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How to deliver those difficult conversations

Business leaders often have to make challenging and uncomfortable decisions for the wellbeing of their team and the ability to say no and deliver bad news with compassion and professionalism is a skill that everyone should learn

We all have a natural desire to be liked and accepted by others, for reasons which are deeply rooted in our evolutionary, psychological and social make-up. For these reasons, we can all find it difficult to face stressful situations and, as a result, prevaricate and put things off. However, this does us and the situation no favours.

Delivering bad news is an essential skill in both personal and professional life, so to help you navigate these difficult conversations, here are some effective ways to do it successfully.

“Make sure you keep your communication simple, as a lack of clarity and vague or unclear language can lead to misunderstandings and confusion”

The starting point when confronting any difficult situation is to spend adequate time preparing and planning. Failing to prepare can lead to a disjointed and unconvincing message. 

Take time to reflect on your own feelings, biases and goals for the conversation, ensuring you:

  • GATHER all the necessary information to ensure you have a complete understanding of the situation.

  • SPEAK to relevant subject matter experts to understand company policies and procedures.

  • PLAN what you want to say, keeping the message clear and concise.

  • ANTICIPATE any likely questions or concerns the recipient might have and prepare suitable answers in advance.

It’s vitally important to choose the right setting and timing to have the conversation. Selecting the wrong time and place can quickly lead to the discussion going awry and produce an outcome that suits neither party, so remember:

  • TRY to choose a time when the recipient is in a calm and receptive state of mind.

  • SELECT an appropriate, private, and comfortable setting for the conversation. Ensure there are minimal distractions, as these will only unsettle and heap more pressure on you.

  • CONSIDER the timing and schedule the discussion at a time when the recipient can give their full attention and has time to process the news.

Start by being direct but compassionate – after all, you’re dealing with another human being. Put yourself in their position; how would you like to be treated if you were in their situation? 

Make sure that you keep your communication simple, as a lack of clarity and vague or unclear language can lead to misunderstandings and confusion. Avoid using technical or complex language that the recipient may not understand. 

Always use plain language to ensure clear communication and make sure that you:

  • START the conversation by being direct and to the point. Avoid unnecessary preambles or beating around the bush.

  • EXPRESS empathy and understanding for the recipient’s emotions and reactions. Listen to them, acknowledge their feelings and show support. Failing to consider the emotions of the recipient can come across as cold and uncaring.

  • TRY to offer solutions or support, but don’t make unrehearsed commitments. If possible, provide potential solutions or a plan to address the situation. Offering help or resources demonstrates your commitment to assisting the recipient through the difficult situation.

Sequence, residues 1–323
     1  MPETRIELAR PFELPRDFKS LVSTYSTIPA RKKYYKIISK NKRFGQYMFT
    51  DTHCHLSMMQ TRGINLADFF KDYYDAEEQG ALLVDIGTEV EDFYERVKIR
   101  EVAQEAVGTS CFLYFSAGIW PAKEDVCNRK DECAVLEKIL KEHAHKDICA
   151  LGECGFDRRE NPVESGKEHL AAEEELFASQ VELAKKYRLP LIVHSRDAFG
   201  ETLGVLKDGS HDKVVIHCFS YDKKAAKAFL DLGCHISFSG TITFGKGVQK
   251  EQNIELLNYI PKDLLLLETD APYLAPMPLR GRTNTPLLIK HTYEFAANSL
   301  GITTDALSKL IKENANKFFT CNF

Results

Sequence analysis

• BE HONEST about what you can and can’t do to help, and don’t make promises you can’t keep – this will only come back to bite you further down the line.

You really need to listen, and by that I mean actively listen to their words, body language, facial expressions and tonality, so you get a real sense of how they are feeling and reacting to your message. Also ensure you allow appropriate time for reaction, for example:

  • AFTER delivering bad news, give the recipient time to react and process the information. Avoid interrupting or immediately pushing for a response. Avoid assigning blame or making accusations when delivering bad news. Focus on the situation or the issue rather than making it personal. This will only antagonise the situation. 

  • BE MINDFUL not to overwhelm the recipient with too much information at once. Stick to the key points and allow them to ask questions if they want more details.

  • LISTEN to their concerns and respond calmly – this will help defuse the situation. In emotionally charged situations it can be very easy to become defensive, particularly if the recipient reacts negatively to your message, so avoid becoming defensive or argumentative.

  • ENCOURAGE the person to share their thoughts and feelings, and actively listen to what they have to say. Sometimes,just having someone to talk to can bea comfort.

After the event, take time to reflect, be honest with yourself and ask what went well and what could have gone better.

“Put yourself in their position; how would you like to be treated if you were in their situation?”

Remember, the key to delivering bad news effectively is to show empathy, honesty and a willingness to support the recipient through the difficult situation. 

It’s important to always maintain professionalism and respect throughout the conversation, even when dealing with emotionally charged topics. If you follow this process, then the likelihood of getting the desired outcome increases.

There are no winners in avoiding these difficult conversations, but it’s much better to prepare properly and follow this process than put it off. 


Paul McDevitt is Managing Director of McDevitt & Co, an experienced business consultancy that helps to inspire people, improve productivity and increase profits in the construction industry. Find out more and contact him at

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